“If you would pray acceptably . . . withdraw from the world, see that you carry not the world with you.”
Phillippe Sylvestre Dufore, Moral Instructions (1760)
Radical thinkers would have you believe that it is a great advance to discover the politics behind science, art, religion, sports, sex, or whatever else you can think of. The fact of the matter is, that their “discovery” is a reversion to the entropy state of human consciousness, and that the discovery of hidden political agendas was coeval with the birth of human speech. When Prometheus gave man fire, most men immediately sat down and hashed out critical theories that defamed Prometheus, deprecated fire, and exposed the gift as part of a wily Titanic conspiracy.
Critical theory is always regressive because, in reducing everything to a scramble for power and privilege, it reverts to a primitive form of human thought. Because we are social animals, our minds are naturally disposed to envy, suspicion and backbiting. We naturally covet the glory of our betters, cherish the belief that it was obtained by disreputable means, and exercise our wit in stripping it of every last shred of merit.
Anyone with an ounce of honesty sees this impulse in himself.
Nietzsche called this charming trait “ressentiment.” Ordinary resentment is “a deep reflective displeasure against the conduct of the offender,” as when I resent an unjust slander, or a boorish abuse of hospitality (1). It differs from a momentary flash of pique or indignation, because the offensive conduct is not soon forgotten, but rather becomes the object of “deep reflection” and obsessive brooding. Resentment is a smoldering anger on which the sun is allowed to go down many, many times.
Nietzsche retained the French spelling because he wished to make clear that he was not talking about ordinary resentment, but about the morbid resentment that feels a deep reflective displeasure against noble things and meritorious conduct. Resentment becomes morbid ressentiment when it resents that for which it should feel gratitude and esteem. Ressentiment is, in fact, a form of profanation that dishonors what should be honored, disparages what should be admired, and defames what should be revered.
And ressentiment is our instinctive response to anything greater, finer or more beautiful than ourselves. This is why we find it very easy to cavil and jeer, but to praise without flattery is hard. And our instinctive ressentiment is is why it is always easy to turn any conversation to a gabble about politics.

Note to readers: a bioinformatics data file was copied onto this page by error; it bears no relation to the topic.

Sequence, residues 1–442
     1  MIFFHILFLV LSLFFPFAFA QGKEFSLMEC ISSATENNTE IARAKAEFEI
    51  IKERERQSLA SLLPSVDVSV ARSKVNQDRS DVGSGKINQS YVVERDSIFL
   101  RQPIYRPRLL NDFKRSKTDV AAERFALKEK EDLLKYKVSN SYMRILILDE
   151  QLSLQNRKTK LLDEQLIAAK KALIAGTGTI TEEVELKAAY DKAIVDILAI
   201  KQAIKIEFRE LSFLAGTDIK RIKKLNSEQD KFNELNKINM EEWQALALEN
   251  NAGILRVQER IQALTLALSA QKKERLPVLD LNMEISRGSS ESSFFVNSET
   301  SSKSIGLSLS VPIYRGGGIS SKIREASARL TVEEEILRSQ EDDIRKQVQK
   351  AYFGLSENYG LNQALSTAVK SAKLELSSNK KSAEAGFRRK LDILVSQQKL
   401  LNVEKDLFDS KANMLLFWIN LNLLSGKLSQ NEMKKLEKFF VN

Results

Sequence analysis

This is also why “critical studies” are beloved by lazy and dimwitted professors. It is easy to take a painting by John Constable and tear it down as an ideological instrument of bourgeoise morality, patriarchy, or Eurocentric white supremacy. The criticisms are readymade, and they go down easy with students because they feed the students’ natural ressentiment. Rather than confronting students with the humiliating assertion that Constable was, unlike them, a great man, and that his paintings are, unlike everything they have ever made, great works of art, the “critical” approach comforts students with the assurance that Constable was just as grubby, selfish and dishonest as they are.
In fact, more grubby, selfish and dishonest, since he lacked their critical insight into politics.
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Whenever there is a call to make an activity or organization more political, it is a call to make it less of what it is and ought to be. A painting is different than a novel, and a novel is different than a film, but critical analysis eliminates these differences and reduces the three things to the common factor of power. A club of bird watchers is different than a department of physics, and a department of physics is different than a military platoon, but critical analysis eliminates these differences and reduces these things to expressions of a common ideology. The club, department and platoon are, in the last critical analysis, nothing more than regional chapters in the hegemonic political party.
This brings me to what Catholics are calling the “new integralism.” As best I can tell, “new integralism” proposes that the Church should become more political. It is said that this will represent an “integration” of Catholic moral doctrine and practical political policies, but it looks to me like a more perfect integration of the Church with the Globohomo Borg.
And “integration with” means “assimilation to,” since the Church will be profaned by the Globohomo Borg, but the Globohomo Borg will not be baptized by the Church.
Should the “new integralism” be undertaken, it will almost certainly succeed, for politics is the entropy state of human consciousness, and it is always easiest to gabble about politics. Of course, gabble about politics encourages ressentiment, and ressentiment is the opposite of reverence, so integralism and gabble about politics will almost certainly succeed in making the Church less of what it is and ought to be.
If it is to remain itself, the Church must be anchoritic, not activist.